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appear arms bear beauty Behold breast bright cause charms court dear death delight desire Earth equal eyes face fair fame fate fear field fire flame flow force give gods grace grief hand happy head hear heart Heaven honour hope hour human kind king land laws leave less light live look lord lost maid mind move Muse Nature ne'er never night nymph o'er once pain passion peace plain play pleasure poet praise pride race rage reason rest rise round sense shine sighs sight sing smiling soft song soon soul sound stand sure sweet tears tell thee things thou thought turns vain various verse virtue voice winds wise write youth
Page 262 - And terror on my aching s'ight ; the tombs And monumental caves of death look cold, And shoot a chilness to my trembling heart. Give me thy hand, and let me hear thy voice ; Nay, quickly speak to me, and let me hear Thy voice — my own affrights me with its echoes.
Page 42 - Bacchus' blessings are a treasure, Drinking is the soldier's pleasure: Rich the treasure, Sweet the pleasure, Sweet is pleasure after pain. Soothed with the sound, the king grew vain; Fought all his battles o'er again, And thrice he routed all his foes, and thrice he slew the slain!
Page 509 - From nature too I take my rule, To shun contempt and ridicule. I never, with important air, In conversation overbear. Can grave and formal pass for wise, When men the solemn owl despise? My tongue within my lips I rein; For who talks much, must talk in vain.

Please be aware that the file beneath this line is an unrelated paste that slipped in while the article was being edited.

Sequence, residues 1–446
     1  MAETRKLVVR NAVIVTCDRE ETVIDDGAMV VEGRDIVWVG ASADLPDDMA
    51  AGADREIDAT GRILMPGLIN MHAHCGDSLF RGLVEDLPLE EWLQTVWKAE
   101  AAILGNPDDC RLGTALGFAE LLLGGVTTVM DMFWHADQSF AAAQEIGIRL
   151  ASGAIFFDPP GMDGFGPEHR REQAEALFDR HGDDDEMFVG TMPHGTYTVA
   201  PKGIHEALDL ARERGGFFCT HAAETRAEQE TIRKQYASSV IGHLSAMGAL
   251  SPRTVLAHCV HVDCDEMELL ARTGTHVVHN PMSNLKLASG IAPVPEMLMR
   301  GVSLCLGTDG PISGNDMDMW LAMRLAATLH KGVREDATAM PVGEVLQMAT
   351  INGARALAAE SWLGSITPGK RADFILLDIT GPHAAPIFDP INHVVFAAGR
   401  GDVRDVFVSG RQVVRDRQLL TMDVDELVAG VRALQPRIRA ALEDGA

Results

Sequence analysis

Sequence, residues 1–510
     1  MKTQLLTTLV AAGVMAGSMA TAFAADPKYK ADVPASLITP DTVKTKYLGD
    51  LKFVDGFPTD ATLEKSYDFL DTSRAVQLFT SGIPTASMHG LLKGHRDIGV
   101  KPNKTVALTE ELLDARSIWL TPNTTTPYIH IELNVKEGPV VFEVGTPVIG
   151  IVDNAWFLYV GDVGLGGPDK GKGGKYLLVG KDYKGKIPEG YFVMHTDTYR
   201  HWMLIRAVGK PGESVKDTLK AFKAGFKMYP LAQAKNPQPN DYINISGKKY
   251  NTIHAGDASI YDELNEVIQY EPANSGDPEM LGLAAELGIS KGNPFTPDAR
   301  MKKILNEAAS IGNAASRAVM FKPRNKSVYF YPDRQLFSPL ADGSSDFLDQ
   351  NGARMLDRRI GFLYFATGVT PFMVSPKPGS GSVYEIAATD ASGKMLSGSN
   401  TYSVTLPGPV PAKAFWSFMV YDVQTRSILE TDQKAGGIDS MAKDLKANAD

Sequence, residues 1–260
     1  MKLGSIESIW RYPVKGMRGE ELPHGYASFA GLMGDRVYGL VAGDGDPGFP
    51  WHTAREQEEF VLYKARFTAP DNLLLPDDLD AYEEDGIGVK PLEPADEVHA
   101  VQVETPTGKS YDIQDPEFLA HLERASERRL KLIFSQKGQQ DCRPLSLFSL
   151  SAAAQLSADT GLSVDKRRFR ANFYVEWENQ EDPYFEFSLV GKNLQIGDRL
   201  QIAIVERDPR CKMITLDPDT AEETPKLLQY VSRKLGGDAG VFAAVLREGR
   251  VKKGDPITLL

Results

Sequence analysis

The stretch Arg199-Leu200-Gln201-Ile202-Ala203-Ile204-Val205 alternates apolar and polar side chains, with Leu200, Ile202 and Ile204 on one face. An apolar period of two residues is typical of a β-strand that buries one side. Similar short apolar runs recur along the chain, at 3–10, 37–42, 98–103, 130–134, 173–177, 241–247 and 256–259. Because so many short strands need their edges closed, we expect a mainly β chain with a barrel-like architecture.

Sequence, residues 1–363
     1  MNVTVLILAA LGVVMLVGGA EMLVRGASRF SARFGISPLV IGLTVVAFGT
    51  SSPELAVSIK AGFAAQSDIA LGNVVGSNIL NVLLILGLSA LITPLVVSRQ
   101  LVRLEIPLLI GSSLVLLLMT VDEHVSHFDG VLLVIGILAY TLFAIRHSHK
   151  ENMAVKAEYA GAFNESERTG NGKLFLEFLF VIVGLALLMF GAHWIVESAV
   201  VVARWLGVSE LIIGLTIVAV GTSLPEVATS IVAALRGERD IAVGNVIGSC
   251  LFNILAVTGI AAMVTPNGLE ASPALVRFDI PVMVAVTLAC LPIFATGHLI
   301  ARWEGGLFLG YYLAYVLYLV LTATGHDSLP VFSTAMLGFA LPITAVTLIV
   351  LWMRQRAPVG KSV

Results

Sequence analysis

Page 430 - Dr. Swift had been observing once to Mr. Gay, what an odd pretty sort of a thing a Newgate Pastoral might make. Gay was inclined to try at such a thing for some time; but afterwards thought it would be better to write a comedy on the same plan. This was what gave rise to the Beggar's Opera.
Page 213 - I made me great works ; I builded me houses ; I planted me vineyards : I made me gardens and orchards, and I planted trees in them of all kind of fruits : I made me pools of water, to water therewith the wood that bringeth forth trees...
Page 430 - The person who acted Polly, till then obscure, became all at once the favourite of the town ; her pictures were engraved, and sold in great numbers ; her life written, books of VOL
Page 262 - Looking tranquillity! It strikes an awe And terror on my aching sight; the tombs And monumental caves of death look cold, And shoot a chillness to my trembling heart.
Page 430 - Its reception is thus recorded in the notes to the "Dunciad":— "This piece was received with greater applause than was ever known. Besides being acted in London sixty-three days without interruption, and renewed the next season with equal applause, it spread into all the great towns of England; was played in many places to the thirtieth and fortieth time; at Bath and Bristol fifty, etc.
Page 43 - Revenge, revenge, Timotheus cries, See the Furies arise; See the snakes that they rear. How they hiss in their hair, And the sparkles that flash from their eyes!